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Australian Jewish media – where to from here?

June 24, 2009 – 9:15 am15 Comments

By Parrogan

I. Aligning oneself with the AJN

Are you well-served by our national Jewish newspaper, one of the oldest continuously published rags in the history of Australian newspapers, miraculously plodding forth into an age where print and paper are ultimately to be as obsolete as horse and cart? Do you appreciate a direct line to and into the Australian Jewish community, and an opportunity to communicate with and advertise directly to this niche audience?

The Australian Jewish News, what do you think about it? Are you frustrated with syndicated news content you’ve already read on Jpost, Haaretz or Ynet? Is it like transcribed Shabbos-table banter mixed in with the sort of society gossip you might overhear half in Yiddish in what passes for a queue at Haymishe?

II. A tree falls in the forest, and there’s no-one to hear it fall

Whatever you think of the AJN, you might want to consider that it is the sum total of our Australian Jewish media. As much as it’s attacked or defended, the AJN should be recognised as the singularity it represents – everything we do, say or think somehow ends up there, even if it’s distorted, rewritten, inflated or conflated, it’s still representative of what’s going on in the community at large.

The AJN is no different to any other newspaper running in a vacuum – there’s nothing else to compete with, and it can print what it likes – how can anyone blame them for sensationalising everything within an inch of its life, when the only backlash is on its own letters pages?

When The Age screws up, The Australian is the first on the scene, and vice-versa. That, we take for granted. It’s not quite the same situation, but it begs one more question – if the AJN is so insufficient (and I’m not convinced that it is), why hasn’t anyone done anything about it?

III. Working towards environmental sustainability

The obvious answer is the small market and huge amount of money involved – nobody has the cash for a risky, advertising-driven media venture in this day and age – but that’s not where the buck stops.

The real reason no-one has successfully established an enduring communal mouthpiece, in any form, is because we can’t handle it – all the accusations with which we tar and feather the AJN are reflections of our own headspaces.

My theory is that we’re so used to reading about ourselves in black and white, and paying cursory, syndicated attention to the rest of the Jewish world, we couldn’t possibly conceptualise, let alone sustain a alternate (read: not ‘alternative’) media outlet.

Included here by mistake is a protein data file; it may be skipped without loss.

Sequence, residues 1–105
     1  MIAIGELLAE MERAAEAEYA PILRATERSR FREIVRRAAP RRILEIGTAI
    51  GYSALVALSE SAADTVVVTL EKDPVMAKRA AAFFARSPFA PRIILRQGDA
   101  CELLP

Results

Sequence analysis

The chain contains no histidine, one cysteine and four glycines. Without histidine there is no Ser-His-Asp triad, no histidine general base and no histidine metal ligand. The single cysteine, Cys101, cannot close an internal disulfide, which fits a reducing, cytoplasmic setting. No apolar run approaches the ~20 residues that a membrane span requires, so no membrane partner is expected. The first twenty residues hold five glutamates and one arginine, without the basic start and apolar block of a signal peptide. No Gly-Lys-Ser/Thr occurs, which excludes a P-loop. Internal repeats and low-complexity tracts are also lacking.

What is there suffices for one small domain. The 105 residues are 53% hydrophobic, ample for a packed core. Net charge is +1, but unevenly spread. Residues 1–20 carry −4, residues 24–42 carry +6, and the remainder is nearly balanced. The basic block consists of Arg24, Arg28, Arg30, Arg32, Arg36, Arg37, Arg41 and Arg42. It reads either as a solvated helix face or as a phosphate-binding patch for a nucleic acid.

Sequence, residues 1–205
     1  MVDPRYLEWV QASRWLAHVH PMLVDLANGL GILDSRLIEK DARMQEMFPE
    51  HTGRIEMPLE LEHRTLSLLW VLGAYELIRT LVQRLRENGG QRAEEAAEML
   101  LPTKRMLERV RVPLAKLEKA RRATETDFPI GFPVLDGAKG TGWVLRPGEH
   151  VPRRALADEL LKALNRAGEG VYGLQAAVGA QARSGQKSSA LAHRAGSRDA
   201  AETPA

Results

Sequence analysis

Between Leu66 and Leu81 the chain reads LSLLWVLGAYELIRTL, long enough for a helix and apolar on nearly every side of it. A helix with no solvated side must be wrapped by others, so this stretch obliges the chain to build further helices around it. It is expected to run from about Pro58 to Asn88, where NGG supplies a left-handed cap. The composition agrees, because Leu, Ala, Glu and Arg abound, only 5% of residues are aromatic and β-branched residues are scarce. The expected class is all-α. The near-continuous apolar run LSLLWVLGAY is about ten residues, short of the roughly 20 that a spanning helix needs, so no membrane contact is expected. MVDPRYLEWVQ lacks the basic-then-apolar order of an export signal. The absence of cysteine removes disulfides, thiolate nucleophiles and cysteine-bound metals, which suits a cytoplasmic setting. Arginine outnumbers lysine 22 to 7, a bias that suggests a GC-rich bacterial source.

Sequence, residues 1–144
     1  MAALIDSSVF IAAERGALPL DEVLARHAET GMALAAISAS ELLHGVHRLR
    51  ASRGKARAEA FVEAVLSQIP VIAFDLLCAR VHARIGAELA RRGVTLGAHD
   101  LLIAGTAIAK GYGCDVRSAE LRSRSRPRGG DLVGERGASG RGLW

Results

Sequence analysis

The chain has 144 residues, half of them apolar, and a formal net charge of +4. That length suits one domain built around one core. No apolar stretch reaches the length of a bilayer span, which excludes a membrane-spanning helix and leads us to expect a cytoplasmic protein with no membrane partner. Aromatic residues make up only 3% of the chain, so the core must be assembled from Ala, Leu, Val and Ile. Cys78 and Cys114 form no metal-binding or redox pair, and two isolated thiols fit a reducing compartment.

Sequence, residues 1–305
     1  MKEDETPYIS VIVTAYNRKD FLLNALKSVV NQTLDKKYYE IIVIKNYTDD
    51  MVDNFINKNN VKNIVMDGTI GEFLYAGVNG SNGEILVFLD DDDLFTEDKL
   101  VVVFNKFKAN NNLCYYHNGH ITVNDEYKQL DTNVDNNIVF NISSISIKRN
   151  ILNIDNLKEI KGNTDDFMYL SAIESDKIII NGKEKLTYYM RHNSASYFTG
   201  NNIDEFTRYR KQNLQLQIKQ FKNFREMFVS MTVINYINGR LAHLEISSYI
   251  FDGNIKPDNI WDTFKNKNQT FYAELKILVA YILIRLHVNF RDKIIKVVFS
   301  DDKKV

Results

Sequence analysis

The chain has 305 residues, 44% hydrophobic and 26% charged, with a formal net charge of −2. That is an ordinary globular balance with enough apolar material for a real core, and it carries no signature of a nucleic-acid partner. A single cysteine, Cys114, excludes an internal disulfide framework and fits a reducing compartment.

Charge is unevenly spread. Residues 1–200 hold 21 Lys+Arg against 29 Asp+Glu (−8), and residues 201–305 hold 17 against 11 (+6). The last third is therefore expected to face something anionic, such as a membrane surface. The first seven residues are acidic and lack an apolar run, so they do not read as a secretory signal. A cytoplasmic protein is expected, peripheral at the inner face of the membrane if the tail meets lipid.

Still, I’d like to be proven wrong, and here are a few thoughts to that end.

IV. Breakin’ out of da ghetto

In order to broaden the Australian Jewish media landscape – not raze and replace the AJN – we need to think outside the shtetl, look to foreign lands, and do something new. Some cool things have been happening in the US, as far as Jewish media goes, since the first run of the Forward.

Over the past few years, Heeb magazine has long offered an alternative, secularist perspective, laced with humour, sex and irreverence. Meanwhile, those seeking something more highbrow could check out Nextbook, which evolved into something more highbrow again, Nextbook’s latest incarnation, Tabletmag.

In South Africa, someone thought a more conservative approach need be taken, and so the rather heimische Jewish Life magazine was born, full of potted Hassidus, soul-feeding recipes and inspirational tales; all glossy, with top-notch advertising, of course. This doesn’t seem to take away from the firm ground held by the staid, Joburg-based, South African Jewish Report.

In other communities, the media revolution has taken the form of a blog – in Argentina, they have STAM!; in Hungary, they have Judapest.

Now in Australia, we have the Sensible Jew.

Where it all goes from here depends on where you, the people who have been paying attention to the Sensible Jew beyond its initial blow-up, want it to go. Or maybe you don’t think there’s room, or a need for anything more than what you’re reading right now.

Speak up! I’m all ears.

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